In Incredible Testimony, Robin Thicke Says He Lied About Co-Writing “Blurred Lines” And Was High For All Of 2013

You know who’s having a bad year? Robin Thicke. His wife left him, the album he wrote about his wife leaving him tanked, he got destroyed in a Twitter Q&A designed to promote that album, and to top it all off, his legal battle with Marvin Gaye’s estate won’t go away. He’s still defending himself against charges that his rapey, career-defining hit “Blurred Lines” ripped off Gaye’s classic “Got To Give It Up.” And in a deposition from April — but made public today — Thicke admitted that he wasn’t even really involved in the writing of “Blurred Lines,” because he was so wrecked on painkillers and booze. Check out this excerpt (via The Hollywood Reporter):

Q: “Were you present during the creation of ‘Blurred Lines'”?

Thicke: “I was present. Obviously, I sang it. I had to be there.”

Q: “When the rhythm track was being created, were you there with Pharrell?”

Thicke: “To be honest, that’s the only part where — I was high on vicodin and alcohol when I showed up at the studio. So my recollection is when we made the song, I thought I wanted — I — I wanted to be more involved than I actually was by the time, nine months later, it became a huge hit and I wanted credit. So I started kind of convincing myself that I was a little more part of it than I was and I — because I didn’t want him — I wanted some credit for this big hit. But the reality is, is that Pharrell had the beat and he wrote almost every single part of the song.”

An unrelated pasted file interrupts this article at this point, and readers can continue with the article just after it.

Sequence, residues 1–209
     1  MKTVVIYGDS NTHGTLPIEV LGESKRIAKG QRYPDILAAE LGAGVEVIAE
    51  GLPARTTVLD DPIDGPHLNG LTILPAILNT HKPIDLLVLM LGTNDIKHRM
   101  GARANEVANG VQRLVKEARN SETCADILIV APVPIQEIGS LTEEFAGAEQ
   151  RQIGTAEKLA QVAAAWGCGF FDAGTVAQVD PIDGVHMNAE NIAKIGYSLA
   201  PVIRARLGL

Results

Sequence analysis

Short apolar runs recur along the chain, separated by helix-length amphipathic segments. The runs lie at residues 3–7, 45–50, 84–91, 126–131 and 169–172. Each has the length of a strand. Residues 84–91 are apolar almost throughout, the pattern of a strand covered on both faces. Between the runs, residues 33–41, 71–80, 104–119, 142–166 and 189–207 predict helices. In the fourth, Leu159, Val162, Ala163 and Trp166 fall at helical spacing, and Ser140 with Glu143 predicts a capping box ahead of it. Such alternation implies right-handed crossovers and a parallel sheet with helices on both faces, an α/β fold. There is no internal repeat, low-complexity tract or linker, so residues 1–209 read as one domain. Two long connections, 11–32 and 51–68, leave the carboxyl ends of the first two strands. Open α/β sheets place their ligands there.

So … this is all Pharrell’s fault? Man, that’s fucked up! So why did Pharrell share royalties and a co-writing credit with Thicke? Said Thicke, again during the deposition:

“This is what happens every day in our industry … You know, people are made to look like they have much more authorship in the situation than they actually do. So that’s where the embellishment comes in.”

Here’s more, via Hollywood Reporter:

Thicke says he was just “lucky enough to be in the room” when Williams wrote the song. Afterwards, he gave interviews to outlets like Billboard where he repeated the false origin story surrounding “Blurred Lines” because he says he “thought it would help sell records.” But he also states he hardly remembers his specific media comments because he “had a drug and alcohol problem for the year” and “didn’t do a sober interview.” In fact, when he appeared on Oprah Winfrey’s show with his young son and talked about how weird it was to be in the midst of a legal battle with the family of a legendary soul singer who “inspires almost half of my music,” Thicke admits he was drunk and taking Norco — “which is like two Vicodin in one pill,” he says.

Thicke says he’s given up Vicodin (but not alcohol), but admits his drug abuse (or lying about it) is “why [my wife] left me.”

Pharrell’s testimony sounds just as awkward:

At one point during the examination, Williams says he can read music, but then is shown a transcription of a song, and asked to identify notes and durations. “I’m not comfortable,” Williams responds eight times as Busch presses to figure out whether he really can read music.

The producer is evasive in other ways. Asked whether Marvin Gaye has influenced him, Williams says , “He’s an Aries. I respect him.”

Pharrell admits that he wrote the song, but claims it’s a hit at least in part because of Thicke:

“It’s the white man singing soulfully and we, unfortunately, in this country don’t get enough — we don’t get to hear that as often, so we get excited by it when the mainstream gives that a shot.”

You can read the full deposition here, and watch that Oprah interview below.